Arena To Replace Sampson As Coach


Bruce Arena, coach of Major League Soccer's D.C. United, has accepted a four-year contract to take over the U.S. men's national team, according to USA Today.

USA Today is reporting Arena has signed a four-year deal believed to be worth more than $500,000 per season to take over the head coaching duties for the national program. U.S. Soccer said it will announce its new coach at a news conference in New York on Tuesday.

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Arena guided Major League Soccer's D.C. United to the first two league titles, but the team was foiled in its bid for a third Sunday when the expansion Chicago Fire posted a 2-0 victory in the MLS Cup.

The 47-year-old has the tough task of bringing back U.S. Soccer from a disastrous performance in the 1998 World Cup in France. The Americans lost all three games under coach Steve Sampson, who subsequently resigned under fire in late June.

Sampson compiled a 26-22-14 record after replacing Bora Milutinovic in August 1995, but was given the majority of the blame for a U.S. team that finished last among the 32 participating countries.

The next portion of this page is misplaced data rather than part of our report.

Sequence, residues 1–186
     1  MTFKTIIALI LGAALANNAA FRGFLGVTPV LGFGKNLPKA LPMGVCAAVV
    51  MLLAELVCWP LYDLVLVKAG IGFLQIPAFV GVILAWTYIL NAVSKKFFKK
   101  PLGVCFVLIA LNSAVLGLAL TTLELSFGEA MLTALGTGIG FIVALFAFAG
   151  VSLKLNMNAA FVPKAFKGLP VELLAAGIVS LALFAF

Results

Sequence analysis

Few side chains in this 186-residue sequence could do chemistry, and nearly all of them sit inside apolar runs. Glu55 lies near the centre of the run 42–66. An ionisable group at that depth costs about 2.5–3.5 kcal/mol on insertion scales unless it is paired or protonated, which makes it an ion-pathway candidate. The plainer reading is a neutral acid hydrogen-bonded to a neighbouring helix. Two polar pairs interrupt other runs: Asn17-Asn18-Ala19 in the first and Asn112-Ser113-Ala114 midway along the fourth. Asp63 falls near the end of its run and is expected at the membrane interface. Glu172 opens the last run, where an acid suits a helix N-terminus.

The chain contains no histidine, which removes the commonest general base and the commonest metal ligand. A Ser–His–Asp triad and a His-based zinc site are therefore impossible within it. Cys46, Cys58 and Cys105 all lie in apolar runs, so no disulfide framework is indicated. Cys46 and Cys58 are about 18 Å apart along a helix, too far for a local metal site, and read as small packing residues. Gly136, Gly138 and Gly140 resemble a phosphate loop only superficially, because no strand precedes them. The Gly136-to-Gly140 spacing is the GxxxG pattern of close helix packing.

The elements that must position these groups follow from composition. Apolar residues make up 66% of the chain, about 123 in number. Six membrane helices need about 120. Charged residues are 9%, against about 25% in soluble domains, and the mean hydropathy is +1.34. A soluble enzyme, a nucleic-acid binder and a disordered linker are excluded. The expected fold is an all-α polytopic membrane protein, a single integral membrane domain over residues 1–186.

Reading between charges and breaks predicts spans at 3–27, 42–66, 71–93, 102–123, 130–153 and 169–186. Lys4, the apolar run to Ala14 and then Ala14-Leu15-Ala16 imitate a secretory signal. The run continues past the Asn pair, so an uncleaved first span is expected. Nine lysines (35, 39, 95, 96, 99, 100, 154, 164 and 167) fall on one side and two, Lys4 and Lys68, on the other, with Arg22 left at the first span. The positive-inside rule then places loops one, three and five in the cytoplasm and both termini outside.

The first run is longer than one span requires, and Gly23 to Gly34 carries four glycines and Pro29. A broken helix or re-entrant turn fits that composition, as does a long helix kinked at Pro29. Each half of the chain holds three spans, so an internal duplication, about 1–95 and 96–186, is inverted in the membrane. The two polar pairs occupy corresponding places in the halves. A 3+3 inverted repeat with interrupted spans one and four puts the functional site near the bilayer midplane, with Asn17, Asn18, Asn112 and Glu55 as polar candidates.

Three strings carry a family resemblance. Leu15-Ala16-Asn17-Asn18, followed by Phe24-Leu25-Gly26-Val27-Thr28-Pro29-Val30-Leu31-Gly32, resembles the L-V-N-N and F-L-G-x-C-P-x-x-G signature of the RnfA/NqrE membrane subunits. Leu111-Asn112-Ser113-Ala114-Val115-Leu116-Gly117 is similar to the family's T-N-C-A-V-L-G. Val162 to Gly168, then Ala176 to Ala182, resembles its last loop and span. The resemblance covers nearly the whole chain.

Based

Bruce Arena
Bruce Arena won two of the first three MLS Cup titles on the sidelines with D.C. United. (AP)
on his familiarity with American soccer at the collegiate level, where he won five Division I titles, Arena is expected to add an infusion of youth to the national team when it begins qualifying for the 2002 World Cup, which will be held jointly by Korea and Japan.

Among the young players expected to make an impact are 21-yer-olds Ben Olsen (midfielder) and Josh Wolff (forward), 23-year-old defender C.J. Brown and 25-year-old goalkeeper Zach Thornton, the MLS Goalkeeper of the Year.

They would join Holdover and 25-year-old forward Brian McBride, who scored Team USA's lone goal in France, midfielders Frankie Hejduk (23), Claudio Reyna (24), Chad Deering (25) and standout defender Eddie Pope (24).

After a friendly against Australia in San Jose in 11 days, Team USA participates in the FIFA Confederations Cup early in 1999. Brazil, which was the runner-up in France '98 and has won the World Cup four times, is in the same group as the Americans. World Cup champion France was also put in that bracket, but pulled out due to conflicts with its players who refused to leave their European domestic leagues.

The United States enjoyed some success under Sampson, finishing second in the 1995 Copa America, winning the 1995 U.S. Cup, defeating Brazil in the 1998 Gold Cup and going 8-2-6 in CONCACAF qualification matches for World Cup '98.

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